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President’s Message – Q3/2017


In the last newsletter I wrote about how one Computer Science professor influenced my career path in the information and communications technology (ICT) industry.  Check it out here.  In this follow-up article, I am featuring the high demand for ICT workers and how to fill the supply gap.

I am just as excited about the ICT industry today as I was back in my college and university days, especially here in British Columbia.  Why am I excited, you ask?  Well, how about this:

  • The Information and Communications Technology Council (ICTC), a not-for-profit national centre of expertise for the Canadian digital economy, released a report in April 2017 entitled The Next Talent Wave: Navigating the Digital Shift – Outlook 2021 which states that by 2021, an additional 216,000 ICT positions will need to be filled in Canada.
  • In late July, the International Monetary Fund (IMF) stated it expects Canada to lead the G7 for economic growth this year, forecasting a 2.5 percent growth in 2017.
  • In May, the Conference Board of Canada predicted that the three western provinces will lead Canada in economic growth in 2017, with Alberta expected to grow its GDP by 3.3 percent, and British Columbia and Saskatchewan at 2.5 percent.
  • Vancouver is ranked #13 in Expert Market’s list of the world’s best tech hubs thanks in part to its first class education system.
  • Vancouver is Canada’s top startup city and ranked #15 globally according to the 2017 Global Startup Ecosystem Report. As you might have guessed, many of Vancouver’s startups are in the ICT sector.

So, to recap, the Canadian and British Columbia economies are strong, but there is a shortage of talented ICT professionals to meet the demand.  If we think demand is high now, consider the following:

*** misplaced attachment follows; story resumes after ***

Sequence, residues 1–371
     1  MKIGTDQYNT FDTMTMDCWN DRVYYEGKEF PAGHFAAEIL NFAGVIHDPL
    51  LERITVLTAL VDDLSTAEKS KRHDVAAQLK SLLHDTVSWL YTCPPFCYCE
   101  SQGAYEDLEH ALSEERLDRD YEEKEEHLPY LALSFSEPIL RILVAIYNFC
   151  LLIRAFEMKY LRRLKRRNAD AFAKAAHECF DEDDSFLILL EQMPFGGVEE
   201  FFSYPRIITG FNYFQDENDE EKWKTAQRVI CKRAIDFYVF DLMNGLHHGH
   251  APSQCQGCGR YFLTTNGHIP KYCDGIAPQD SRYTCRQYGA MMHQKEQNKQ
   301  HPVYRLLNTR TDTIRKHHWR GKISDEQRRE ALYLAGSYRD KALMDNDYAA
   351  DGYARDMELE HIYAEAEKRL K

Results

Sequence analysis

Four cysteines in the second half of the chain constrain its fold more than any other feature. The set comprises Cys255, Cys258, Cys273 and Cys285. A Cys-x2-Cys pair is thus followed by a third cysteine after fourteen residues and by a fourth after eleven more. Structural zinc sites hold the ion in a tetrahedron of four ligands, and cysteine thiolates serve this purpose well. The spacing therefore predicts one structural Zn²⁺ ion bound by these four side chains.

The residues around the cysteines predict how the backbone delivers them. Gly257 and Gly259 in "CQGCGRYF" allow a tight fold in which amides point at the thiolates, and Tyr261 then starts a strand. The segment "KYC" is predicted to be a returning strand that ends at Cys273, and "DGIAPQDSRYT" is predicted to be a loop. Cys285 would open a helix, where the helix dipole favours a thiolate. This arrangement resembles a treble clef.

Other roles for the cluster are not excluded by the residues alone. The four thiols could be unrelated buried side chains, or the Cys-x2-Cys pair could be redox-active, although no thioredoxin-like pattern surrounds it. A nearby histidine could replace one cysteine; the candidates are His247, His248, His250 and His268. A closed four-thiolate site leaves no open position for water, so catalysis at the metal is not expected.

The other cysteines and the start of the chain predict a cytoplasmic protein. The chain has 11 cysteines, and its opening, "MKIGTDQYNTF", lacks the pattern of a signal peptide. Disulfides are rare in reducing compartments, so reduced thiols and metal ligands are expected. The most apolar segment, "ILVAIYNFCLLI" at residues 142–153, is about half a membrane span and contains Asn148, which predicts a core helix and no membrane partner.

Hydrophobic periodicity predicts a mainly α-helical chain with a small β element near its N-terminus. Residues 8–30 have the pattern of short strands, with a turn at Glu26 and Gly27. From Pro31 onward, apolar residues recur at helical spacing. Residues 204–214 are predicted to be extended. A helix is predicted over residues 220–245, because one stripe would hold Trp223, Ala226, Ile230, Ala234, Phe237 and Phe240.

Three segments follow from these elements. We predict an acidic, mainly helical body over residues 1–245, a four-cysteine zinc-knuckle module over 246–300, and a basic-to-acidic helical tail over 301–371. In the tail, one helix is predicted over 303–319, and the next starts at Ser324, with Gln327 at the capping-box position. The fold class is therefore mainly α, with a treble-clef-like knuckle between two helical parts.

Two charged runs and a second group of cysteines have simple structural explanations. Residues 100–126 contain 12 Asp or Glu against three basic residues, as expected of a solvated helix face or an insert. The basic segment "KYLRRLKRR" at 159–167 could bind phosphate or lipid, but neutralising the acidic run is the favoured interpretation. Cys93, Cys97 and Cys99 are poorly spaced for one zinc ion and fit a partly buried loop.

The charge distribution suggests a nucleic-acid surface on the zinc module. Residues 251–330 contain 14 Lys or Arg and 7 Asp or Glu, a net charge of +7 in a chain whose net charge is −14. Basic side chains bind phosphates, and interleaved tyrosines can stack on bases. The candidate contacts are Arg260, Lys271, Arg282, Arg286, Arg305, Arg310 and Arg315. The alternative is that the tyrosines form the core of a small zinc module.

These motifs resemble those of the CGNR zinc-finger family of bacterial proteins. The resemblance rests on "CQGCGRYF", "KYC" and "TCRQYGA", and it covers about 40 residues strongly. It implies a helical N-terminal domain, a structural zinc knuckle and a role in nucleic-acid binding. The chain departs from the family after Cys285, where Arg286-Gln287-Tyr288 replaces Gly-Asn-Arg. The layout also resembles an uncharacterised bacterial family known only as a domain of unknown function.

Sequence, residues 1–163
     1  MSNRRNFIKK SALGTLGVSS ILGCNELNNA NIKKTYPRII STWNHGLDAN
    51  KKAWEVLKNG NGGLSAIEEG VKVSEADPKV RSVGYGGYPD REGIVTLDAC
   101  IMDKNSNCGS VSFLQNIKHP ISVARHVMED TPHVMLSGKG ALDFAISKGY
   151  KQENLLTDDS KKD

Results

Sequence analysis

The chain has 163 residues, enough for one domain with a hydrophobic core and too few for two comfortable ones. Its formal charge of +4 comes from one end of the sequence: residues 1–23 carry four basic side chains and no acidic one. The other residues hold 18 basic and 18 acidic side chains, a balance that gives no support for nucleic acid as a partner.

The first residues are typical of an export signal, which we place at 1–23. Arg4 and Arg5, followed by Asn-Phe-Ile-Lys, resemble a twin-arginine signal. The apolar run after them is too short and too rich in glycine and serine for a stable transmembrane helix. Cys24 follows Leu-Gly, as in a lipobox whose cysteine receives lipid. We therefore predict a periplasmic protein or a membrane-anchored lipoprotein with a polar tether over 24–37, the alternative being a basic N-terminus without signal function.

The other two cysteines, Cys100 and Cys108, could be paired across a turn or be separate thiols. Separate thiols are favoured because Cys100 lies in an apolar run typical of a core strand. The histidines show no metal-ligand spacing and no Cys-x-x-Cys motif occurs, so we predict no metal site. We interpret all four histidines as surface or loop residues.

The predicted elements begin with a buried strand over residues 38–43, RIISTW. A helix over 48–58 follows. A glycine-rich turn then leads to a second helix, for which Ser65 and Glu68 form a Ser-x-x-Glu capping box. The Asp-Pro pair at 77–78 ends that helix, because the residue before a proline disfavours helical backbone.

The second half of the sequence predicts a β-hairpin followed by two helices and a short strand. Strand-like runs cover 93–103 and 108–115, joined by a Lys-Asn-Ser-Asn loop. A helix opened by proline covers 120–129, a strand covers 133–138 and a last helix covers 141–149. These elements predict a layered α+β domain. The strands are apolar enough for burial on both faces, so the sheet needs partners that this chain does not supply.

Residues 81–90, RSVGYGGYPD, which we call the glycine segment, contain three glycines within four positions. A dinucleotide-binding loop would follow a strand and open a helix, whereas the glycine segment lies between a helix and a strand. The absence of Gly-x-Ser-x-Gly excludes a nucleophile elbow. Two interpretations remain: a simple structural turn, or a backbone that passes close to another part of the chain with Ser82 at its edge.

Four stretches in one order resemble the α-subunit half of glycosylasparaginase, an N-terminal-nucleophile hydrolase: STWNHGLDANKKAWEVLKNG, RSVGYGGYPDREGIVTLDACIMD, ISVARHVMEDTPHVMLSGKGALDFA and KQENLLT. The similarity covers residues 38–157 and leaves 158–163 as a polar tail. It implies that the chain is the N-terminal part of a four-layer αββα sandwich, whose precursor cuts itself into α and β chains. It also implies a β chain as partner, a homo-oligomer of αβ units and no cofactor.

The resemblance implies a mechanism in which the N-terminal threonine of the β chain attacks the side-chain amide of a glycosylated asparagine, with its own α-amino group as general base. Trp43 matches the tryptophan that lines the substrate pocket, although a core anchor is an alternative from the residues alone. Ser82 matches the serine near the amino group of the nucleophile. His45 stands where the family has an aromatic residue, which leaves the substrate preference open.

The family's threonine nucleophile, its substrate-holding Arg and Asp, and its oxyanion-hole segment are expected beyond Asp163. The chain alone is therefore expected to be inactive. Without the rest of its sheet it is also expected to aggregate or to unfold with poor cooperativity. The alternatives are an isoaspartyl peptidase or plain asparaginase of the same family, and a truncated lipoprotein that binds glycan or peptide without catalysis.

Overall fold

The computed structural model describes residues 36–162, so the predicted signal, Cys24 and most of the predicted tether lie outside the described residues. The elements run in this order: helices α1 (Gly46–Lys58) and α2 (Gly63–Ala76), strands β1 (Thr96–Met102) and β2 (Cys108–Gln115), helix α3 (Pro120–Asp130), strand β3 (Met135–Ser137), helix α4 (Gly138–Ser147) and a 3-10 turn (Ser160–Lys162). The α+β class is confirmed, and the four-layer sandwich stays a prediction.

• In August, Amazon signed a lease for 147,000 square feet of office space in Vancouver, bringing its total office space in the city to nearly 900,000 square feet. The new space will accommodate an additional 800 to 1000 employees in Vancouver.
  • In September, Brad Smith, Microsoft’s President and Chief Legal Officer, said that the company thinks of Vancouver as its second home. Microsoft employs 800 people in Vancouver and Smith said he sees opportunities to grow in the city and doesn’t see a cap to the number of jobs the company could create there.
  • In September, Fortinet announced it will create 1,000 new tech jobs in Vancouver in its new state-of-the-art data centre.

These are just three companies bullish on Vancouver and there are many more hiring people on a smaller scale.  For example, I am working with the CEO of a San Francisco-based software product company who is opening an R&D office in Vancouver.  Junior developers in the Bay area fresh out of university are being paid a salary of $100,000USD.  Senior developers are making $200,000USD or more.  We figured that if he hires a dozen people in Vancouver including junior, intermediate and senior developers (e.g., four of each), he would save approximately $1,000,000CAD per year.  But he said that lower salaries is not the main reason he is opening a Vancouver office.  He said senior developers in Vancouver are not only very talented, but they are nicer and don’t have the “elitist attitude” of Bay area developers.  He also said he loves the city.  In fact, he loves it so much, he expects to relocate to Vancouver permanently.